What's more he decided to move to San Francisco and hang out with a ragtag bunch of, I don't know, San Francisco people that I can only assume would have knocked his rabbi's socks off. Which I don't know much about. I came to this book as a Christian-raised East coaster who lacks a big picture in most of the matters described herein.

Simply put, I was blown away.

Whether these memoirs are half-remembered or utterly fabricated is impossible for me to say - for all I know every word of the novel could be direct from a diary and true as gospel - but I have never encountered such a touching and fascinating insight into the process of being a twenty whatever year old kid and moving somewhere looking for something and finding what might have possibly been what you were looking for, and maybe not.

Fascinating because of the detail. When sometimes, after a few too many drinks, I might think to myself how interesting my life has been and, if events were laid in the proper order, it might actually be interesting, could actually feel like a book. Roth seems to have drunk just enough to remember it all perfectly and beautifully. His descriptions of ennui and hopelessness read like boredom preening its fur with waves of electricity rippling down the novel's spine.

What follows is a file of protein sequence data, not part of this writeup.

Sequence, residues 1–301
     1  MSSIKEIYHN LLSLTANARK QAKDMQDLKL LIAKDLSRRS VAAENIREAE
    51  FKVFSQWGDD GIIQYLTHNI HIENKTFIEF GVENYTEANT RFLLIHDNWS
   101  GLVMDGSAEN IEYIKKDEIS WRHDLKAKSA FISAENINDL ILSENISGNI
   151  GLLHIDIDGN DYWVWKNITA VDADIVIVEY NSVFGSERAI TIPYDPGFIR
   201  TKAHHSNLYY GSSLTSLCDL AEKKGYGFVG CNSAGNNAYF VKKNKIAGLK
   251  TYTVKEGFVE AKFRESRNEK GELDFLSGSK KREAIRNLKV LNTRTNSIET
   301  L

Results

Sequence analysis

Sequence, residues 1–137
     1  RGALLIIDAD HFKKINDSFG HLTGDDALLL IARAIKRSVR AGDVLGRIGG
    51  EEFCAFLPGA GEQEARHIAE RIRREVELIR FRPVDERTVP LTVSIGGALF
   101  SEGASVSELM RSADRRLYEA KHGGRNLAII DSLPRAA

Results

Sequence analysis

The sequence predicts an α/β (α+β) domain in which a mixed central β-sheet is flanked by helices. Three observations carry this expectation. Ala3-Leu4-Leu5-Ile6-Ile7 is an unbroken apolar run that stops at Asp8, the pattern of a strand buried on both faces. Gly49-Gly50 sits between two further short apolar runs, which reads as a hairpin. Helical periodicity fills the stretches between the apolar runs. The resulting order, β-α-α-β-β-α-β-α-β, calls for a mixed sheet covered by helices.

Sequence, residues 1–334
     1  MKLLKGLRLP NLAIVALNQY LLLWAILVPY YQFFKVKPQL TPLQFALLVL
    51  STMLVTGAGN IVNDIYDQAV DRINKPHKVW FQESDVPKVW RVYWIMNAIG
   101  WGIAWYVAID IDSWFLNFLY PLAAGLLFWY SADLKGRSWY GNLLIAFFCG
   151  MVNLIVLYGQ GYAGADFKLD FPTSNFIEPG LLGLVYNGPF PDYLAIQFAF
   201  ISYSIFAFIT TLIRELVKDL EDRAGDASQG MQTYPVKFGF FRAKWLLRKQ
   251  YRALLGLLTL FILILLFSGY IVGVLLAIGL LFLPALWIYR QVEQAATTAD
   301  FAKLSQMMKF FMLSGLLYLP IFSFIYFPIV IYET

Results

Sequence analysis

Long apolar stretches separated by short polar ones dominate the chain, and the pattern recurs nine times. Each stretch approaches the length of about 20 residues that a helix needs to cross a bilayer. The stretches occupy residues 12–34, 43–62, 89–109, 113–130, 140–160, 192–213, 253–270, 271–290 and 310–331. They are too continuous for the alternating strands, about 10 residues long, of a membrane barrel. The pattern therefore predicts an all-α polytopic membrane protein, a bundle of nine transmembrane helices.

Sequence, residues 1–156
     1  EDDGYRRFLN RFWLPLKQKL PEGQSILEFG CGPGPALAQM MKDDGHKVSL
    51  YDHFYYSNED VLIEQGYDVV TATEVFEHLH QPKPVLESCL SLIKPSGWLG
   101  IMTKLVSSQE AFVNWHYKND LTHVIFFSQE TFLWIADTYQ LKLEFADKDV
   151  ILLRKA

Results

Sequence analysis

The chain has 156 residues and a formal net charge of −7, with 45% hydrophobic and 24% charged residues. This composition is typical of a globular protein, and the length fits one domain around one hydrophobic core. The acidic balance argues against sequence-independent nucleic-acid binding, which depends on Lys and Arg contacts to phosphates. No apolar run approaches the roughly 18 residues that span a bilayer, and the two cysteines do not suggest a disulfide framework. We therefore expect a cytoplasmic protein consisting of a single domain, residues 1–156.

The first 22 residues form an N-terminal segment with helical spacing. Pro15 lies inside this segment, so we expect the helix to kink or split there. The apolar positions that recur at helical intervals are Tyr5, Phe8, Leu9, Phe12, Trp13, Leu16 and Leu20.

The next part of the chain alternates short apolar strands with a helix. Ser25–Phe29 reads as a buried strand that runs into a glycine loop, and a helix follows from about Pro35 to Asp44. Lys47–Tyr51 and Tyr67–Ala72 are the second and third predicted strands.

Many could easily compare this to Dave Eggar's blockbuster knock 'em sock 'em of young man memoir a few years back.
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7 of 7 people found the following review helpful By Amazon Customer on November 3, 2005
Format: Paperback
Compelling book by a great author. Found another of his books, Nevermind the Goldbergs and fell in love with it. Read this one in a day, and it's a compelling and funny story that I couldn't put down. Defintely recommend it!
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2 of 2 people found the following review helpful By D. Kirshner on September 5, 2009
Format: Paperback